NOTICE: ‘In America: An Anthology of Fashion’ features the 2022 Met Gala

Despite gruesome attempts to cultivate aspects of consumerism, the American Dream and quintessential Westernized fashion at last year’s Met Gala, Anna Wintour chose another America-centric theme.

The 2021 Met Gala was “In America: A Lexicon of Fashion” to accompany the Metropolitan Museum of Art’s exhibition of the same name. The “purpose” of the gala is to raise money for the museum’s costume institute, and it functions as a kind of glamorous fundraiser. The 2022 exhibit continues to follow this Americanized look at fashion, titled “In America: An Anthology of Fashion,” as if that sounds different from last year.

Despite an enigmatic name once again centered on American designers and themes, several outlets unmasked the beast and called this year’s Met Gala “golden glamour”, citing the Gilded Age of New York as being main inspirations.

The Golden Age was the pinnacle of luxury and extravagance. New York was known for its stunning architecture and mansions, with the Metropolitan Opera House and the Vanderbilt House being built during this period. These public displays of wealth were also accompanied by opulence in other forms, such as fashion.

So, with a theme of excessive wealth in mind, what does this mean for fashion at the 2022 Met Gala?

First of all, I think this Met Gala will see a good amount of followers of the theme. Despite past attempts to camp and replicate Rei Kawakubo, this year’s fundraiser may more closely follow the lines of the 2018 Met Gala, Heavenly Bodies: Fashion and the Catholic Imagination, with celebrities donning extravagantly themed looks. .

In the past, Met Galas had only one problem in mind: not letting celebrities be pretty! I don’t expect Karlie Kloss understand the field, or that gold mini dress right, but I expect her to slip on a cute little gold dress and strut the red carpet. “In America: An Anthology of Fashion” will let attendees dress like a late 1800s dream, and they’ll look good while doing it — something that drives most Met Gala fashion.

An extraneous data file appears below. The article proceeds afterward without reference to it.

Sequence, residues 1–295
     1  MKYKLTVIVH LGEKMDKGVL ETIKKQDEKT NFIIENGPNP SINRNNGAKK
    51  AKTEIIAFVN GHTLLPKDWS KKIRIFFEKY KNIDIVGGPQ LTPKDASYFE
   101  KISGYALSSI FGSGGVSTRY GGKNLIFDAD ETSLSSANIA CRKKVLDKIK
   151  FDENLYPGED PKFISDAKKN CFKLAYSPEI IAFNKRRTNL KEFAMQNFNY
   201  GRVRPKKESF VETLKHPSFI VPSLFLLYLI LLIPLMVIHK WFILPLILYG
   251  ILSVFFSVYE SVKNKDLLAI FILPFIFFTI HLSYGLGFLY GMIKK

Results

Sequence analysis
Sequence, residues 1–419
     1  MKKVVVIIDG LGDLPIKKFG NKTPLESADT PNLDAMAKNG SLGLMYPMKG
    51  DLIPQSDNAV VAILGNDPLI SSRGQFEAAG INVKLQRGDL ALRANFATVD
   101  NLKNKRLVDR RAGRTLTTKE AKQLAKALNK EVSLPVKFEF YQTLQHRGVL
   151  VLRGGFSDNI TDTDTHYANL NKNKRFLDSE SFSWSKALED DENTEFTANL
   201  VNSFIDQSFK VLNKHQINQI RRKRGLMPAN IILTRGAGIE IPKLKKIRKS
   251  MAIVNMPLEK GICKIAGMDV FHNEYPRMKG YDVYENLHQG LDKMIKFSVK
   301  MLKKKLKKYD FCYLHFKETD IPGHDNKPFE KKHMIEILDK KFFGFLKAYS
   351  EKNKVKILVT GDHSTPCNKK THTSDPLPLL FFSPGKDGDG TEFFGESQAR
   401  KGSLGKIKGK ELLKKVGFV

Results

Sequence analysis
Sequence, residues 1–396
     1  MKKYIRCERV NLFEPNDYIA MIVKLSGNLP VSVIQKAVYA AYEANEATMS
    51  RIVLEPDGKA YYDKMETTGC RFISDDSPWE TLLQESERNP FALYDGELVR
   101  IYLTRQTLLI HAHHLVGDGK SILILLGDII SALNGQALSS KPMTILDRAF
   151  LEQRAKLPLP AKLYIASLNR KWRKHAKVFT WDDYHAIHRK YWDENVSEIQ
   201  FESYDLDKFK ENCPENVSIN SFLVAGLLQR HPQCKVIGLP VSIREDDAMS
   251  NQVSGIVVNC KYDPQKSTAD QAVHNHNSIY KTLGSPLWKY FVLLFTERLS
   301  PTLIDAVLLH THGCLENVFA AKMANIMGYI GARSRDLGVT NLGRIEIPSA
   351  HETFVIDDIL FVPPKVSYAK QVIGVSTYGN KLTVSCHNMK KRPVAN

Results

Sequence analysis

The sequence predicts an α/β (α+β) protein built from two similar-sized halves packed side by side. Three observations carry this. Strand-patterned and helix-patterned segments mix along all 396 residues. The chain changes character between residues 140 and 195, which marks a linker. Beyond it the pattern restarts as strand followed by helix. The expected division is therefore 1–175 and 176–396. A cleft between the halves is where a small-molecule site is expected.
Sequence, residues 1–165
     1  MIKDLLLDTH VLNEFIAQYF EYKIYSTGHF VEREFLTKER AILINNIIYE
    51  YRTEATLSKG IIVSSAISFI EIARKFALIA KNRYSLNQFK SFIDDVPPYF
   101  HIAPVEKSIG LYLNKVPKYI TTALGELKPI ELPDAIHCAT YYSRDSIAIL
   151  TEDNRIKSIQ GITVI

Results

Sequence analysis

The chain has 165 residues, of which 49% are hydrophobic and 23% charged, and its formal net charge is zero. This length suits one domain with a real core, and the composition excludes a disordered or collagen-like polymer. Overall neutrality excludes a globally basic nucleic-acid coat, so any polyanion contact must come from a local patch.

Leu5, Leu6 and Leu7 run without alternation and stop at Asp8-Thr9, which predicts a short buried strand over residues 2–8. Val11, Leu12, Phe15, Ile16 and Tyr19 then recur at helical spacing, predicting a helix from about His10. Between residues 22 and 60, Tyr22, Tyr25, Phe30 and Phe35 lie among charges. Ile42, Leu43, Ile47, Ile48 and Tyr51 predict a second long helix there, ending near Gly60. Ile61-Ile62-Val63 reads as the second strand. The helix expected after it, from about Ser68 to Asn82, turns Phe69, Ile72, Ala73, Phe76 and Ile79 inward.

With that in mind, I also expect to see a bunch of heterosexual celebrities wearing black suits that are slightly on-theme in one way or another. Perhaps they will have a puffy collar or a top hat to affirm that they too fully embody the golden age. Maybe Shawn Mendes will put the gold back in his hair and claim he sums up the absurd displays of wealth of the time. Most likely, there will be several black suits with no personality, and I won’t be surprised to see them there.

On the other side of the fashion spectrum, I think this year’s Met will also bring in a lot of people who think they are on theme. The Netflix series “Bridgerton” had its second season at the end of March and despite its own costume history inaccuracy, the fashion is based on the Regency era in England. The Regency era falls before the Gilded Age and is also based in the central United Kingdom of Great Britain. Fashion is incredibly different in these two periods, with the Regency era sticking to an empire waist silhouette, while the Golden Age has more corseted looks. However, I’m anticipating a few “Bridgerton-inspired” outfits on the carpet this year, even if they’re not really on-theme.

My final, and favorite, prediction concerns the political fashion we’ll see at this Met. I’m very excited for guests who may return, like Alexandria Ocasio-Cortez who wore a “tax the rich” dress to the 2021 Met Gala. Personally, I don’t think politicized fashion at an exclusive top 1% event of the top 1% is particularly nuanced or important. However, I find it a bit silly. This year I’m hoping someone will create a 100% solid gold activist fashion look to highlight wealth inequality in the golden age when dress is also personalized and celebrity is also absolutely so rich.

This year’s Met is sure to bring some interesting looks, and I’m just thrilled to see who gets it wrong. If this sounds like the Met Galas of the past, it will be most attendees who misinterpret the theme — and I’m glad to see them do it.

Curren Gauss (she/her) is a junior with a major in English with a minor in dramaturgy. She hopes to one day have a job.



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